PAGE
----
OSI vs. TCP/IP: Comparing Network Models
In a recent post, we went over the OSI network model. Let’s review what that model looks like:
Now we can compare another model, the TCP/IP network model, to the OSI model. The TCP/IP model has become more ubiquitous since joining the network model party, and is therefore worth knowing in addition to the OSI model.
Here’s the TCP/IP model:
If you look closely, you’ll notice that it seems as if some of the OSI model layers have merged into some of the layers we see in the TCP/IP model. This is correct.
Let’s look at a side-by-side comparison:
Here, we can see that it is in fact the case that the bottom two layers of the OSI model make up the first layer of the TCP/IP model, while the top three layers of the OSI model are bundled up into layer four of the TCP/IP model. With TCP/IP, the application layer is in charge of initiating and maintaing sessions along with data translation, encryption, and human-computer interaction. The lowest layers of the OSI model, the physical and data layers, are referred to as the network layer in TCP/IP. In the TCP/IP network layer, the movement of bits physically over wireless or cables as well as data fram construction are included.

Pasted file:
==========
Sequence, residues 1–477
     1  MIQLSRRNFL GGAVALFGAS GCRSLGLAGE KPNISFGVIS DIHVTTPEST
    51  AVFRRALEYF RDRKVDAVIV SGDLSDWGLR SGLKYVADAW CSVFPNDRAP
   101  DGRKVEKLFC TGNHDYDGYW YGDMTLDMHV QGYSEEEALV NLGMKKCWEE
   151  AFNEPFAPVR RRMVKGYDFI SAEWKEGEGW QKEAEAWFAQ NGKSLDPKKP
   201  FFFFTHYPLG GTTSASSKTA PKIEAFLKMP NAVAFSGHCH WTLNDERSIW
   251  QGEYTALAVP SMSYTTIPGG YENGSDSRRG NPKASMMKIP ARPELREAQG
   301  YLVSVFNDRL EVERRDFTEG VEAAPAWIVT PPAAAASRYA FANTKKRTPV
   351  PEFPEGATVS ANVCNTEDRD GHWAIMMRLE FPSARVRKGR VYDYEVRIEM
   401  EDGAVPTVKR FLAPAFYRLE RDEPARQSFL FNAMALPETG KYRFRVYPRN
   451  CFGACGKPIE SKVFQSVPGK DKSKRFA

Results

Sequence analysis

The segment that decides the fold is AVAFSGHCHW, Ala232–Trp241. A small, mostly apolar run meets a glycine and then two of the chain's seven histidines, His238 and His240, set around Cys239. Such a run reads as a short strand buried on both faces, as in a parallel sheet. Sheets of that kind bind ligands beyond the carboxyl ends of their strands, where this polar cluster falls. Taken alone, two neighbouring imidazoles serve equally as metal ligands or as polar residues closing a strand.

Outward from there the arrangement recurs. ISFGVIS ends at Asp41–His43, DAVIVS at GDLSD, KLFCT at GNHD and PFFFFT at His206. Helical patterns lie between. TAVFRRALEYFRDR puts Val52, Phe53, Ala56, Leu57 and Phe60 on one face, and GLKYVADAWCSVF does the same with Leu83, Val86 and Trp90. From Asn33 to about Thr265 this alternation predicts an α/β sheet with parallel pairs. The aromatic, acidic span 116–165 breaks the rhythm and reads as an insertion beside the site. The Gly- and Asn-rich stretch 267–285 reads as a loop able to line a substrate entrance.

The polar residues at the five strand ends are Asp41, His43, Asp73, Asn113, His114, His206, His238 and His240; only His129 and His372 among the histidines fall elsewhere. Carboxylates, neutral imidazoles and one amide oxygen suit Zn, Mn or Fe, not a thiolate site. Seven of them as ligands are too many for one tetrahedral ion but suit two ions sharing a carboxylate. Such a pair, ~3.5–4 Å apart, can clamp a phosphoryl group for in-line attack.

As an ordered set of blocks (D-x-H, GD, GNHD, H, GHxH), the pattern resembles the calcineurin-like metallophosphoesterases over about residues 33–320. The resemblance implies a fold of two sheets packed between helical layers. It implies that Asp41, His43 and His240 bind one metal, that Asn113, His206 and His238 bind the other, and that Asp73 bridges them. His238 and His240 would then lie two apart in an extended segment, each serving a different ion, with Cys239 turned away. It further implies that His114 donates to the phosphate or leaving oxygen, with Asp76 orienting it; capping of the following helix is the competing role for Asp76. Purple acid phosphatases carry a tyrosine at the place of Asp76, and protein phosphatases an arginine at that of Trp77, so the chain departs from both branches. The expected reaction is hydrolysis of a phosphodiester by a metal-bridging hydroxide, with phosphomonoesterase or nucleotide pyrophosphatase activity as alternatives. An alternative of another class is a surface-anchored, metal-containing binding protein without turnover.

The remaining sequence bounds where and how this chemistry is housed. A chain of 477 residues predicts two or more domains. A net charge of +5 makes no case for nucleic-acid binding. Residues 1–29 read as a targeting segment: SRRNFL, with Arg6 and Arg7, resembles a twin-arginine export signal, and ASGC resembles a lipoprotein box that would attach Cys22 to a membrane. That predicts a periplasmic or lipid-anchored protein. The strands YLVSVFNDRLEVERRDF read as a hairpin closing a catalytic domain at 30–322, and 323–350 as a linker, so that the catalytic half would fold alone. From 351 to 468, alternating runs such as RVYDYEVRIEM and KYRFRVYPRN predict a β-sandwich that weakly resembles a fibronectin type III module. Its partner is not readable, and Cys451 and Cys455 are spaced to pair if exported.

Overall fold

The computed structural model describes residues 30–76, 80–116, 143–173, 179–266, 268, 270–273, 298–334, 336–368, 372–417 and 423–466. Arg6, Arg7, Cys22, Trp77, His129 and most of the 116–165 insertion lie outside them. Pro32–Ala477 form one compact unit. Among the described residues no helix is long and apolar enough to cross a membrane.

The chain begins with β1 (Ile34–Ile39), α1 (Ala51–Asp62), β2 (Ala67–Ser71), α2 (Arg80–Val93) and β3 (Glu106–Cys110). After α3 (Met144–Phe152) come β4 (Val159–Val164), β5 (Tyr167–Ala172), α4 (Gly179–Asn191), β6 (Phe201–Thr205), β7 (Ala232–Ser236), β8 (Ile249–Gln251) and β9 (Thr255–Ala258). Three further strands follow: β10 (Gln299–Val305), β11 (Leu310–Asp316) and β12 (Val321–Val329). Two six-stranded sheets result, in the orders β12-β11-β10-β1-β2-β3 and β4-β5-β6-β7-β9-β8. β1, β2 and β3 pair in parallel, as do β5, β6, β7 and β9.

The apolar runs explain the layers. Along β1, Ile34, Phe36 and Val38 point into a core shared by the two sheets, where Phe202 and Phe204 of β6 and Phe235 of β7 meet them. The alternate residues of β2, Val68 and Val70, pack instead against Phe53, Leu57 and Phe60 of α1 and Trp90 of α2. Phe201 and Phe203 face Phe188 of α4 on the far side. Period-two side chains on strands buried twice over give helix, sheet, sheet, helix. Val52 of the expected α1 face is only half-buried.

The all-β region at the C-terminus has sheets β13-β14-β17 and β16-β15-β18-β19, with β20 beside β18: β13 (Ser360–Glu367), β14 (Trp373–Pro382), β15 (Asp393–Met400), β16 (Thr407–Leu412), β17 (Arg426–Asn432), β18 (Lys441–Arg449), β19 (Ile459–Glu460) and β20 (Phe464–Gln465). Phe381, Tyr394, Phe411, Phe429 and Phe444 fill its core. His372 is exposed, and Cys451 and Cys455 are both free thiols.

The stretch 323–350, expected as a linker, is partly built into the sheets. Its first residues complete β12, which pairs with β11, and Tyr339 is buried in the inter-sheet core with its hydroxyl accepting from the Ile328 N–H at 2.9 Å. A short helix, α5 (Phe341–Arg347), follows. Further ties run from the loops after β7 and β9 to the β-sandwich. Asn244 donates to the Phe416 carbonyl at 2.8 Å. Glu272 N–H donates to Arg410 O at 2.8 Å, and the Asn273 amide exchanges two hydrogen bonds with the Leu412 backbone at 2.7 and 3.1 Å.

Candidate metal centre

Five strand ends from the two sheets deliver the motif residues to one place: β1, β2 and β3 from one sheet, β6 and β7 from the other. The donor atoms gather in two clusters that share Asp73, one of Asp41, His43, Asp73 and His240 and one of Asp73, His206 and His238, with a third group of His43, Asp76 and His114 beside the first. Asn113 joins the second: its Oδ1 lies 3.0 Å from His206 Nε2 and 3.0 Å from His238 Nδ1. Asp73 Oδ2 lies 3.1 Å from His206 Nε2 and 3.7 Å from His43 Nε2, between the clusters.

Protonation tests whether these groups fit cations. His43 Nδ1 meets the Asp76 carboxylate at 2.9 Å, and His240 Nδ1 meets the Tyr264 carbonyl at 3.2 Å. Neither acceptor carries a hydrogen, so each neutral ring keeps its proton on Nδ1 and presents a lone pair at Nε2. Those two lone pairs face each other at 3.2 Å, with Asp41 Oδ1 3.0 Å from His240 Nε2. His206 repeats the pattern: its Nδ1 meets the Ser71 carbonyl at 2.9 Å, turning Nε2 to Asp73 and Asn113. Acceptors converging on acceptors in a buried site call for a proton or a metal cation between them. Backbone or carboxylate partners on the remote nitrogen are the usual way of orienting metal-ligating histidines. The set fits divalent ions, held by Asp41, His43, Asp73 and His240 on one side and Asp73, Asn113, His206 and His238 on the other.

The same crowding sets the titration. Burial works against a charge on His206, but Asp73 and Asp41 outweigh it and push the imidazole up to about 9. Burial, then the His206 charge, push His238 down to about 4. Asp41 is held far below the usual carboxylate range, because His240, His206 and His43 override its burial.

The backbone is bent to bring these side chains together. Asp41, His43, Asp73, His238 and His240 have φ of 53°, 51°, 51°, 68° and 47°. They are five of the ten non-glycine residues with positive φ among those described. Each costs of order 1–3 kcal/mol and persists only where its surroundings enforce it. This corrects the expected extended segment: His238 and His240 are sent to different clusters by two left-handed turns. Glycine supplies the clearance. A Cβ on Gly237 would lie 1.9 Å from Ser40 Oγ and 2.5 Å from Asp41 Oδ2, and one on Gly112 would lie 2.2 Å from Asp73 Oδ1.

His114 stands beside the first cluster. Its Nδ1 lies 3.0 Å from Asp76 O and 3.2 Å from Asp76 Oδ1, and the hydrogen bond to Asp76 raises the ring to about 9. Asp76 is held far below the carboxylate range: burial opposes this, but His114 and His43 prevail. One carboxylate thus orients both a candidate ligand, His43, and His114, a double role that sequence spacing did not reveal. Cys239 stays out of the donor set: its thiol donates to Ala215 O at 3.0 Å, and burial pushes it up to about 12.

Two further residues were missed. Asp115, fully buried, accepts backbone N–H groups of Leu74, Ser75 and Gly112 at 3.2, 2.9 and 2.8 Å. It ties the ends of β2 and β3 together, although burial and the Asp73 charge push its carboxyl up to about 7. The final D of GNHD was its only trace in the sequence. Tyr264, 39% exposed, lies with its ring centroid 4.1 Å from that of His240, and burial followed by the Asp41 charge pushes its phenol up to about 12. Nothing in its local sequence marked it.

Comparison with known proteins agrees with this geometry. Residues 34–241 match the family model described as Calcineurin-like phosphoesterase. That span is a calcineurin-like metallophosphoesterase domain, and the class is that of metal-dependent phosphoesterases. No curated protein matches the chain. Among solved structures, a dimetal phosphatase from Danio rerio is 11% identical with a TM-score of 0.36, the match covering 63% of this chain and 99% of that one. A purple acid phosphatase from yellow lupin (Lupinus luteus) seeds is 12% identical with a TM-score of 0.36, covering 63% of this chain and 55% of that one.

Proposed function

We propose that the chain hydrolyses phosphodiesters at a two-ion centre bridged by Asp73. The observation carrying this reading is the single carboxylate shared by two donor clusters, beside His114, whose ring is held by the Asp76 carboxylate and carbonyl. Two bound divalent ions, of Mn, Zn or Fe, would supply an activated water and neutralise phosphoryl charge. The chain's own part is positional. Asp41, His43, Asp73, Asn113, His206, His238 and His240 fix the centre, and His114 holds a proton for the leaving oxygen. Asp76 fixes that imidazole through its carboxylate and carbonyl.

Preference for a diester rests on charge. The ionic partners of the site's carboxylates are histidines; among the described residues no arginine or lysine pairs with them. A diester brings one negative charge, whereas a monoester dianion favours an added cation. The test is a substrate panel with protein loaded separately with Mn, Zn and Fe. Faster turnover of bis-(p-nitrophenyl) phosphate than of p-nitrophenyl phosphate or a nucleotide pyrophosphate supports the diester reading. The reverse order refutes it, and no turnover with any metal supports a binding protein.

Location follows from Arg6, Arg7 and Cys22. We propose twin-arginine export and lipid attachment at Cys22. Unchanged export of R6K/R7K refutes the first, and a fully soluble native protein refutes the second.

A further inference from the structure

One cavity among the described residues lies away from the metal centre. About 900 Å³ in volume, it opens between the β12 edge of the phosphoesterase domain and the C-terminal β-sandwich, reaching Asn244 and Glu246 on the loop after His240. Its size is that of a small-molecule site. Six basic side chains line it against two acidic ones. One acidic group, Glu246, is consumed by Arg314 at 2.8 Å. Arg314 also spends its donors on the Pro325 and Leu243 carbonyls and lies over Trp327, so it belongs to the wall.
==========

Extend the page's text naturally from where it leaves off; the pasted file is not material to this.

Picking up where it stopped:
The middle layers, the network/internet (OSI/ TCP/IP, respectively) and transport layers, share the same purposes.
It’s useful to be familiar with both models for the purpose of discussing and breaking down different aspects of networking. For more information about the transport layer protocols UDP and TCP, check out this blog post.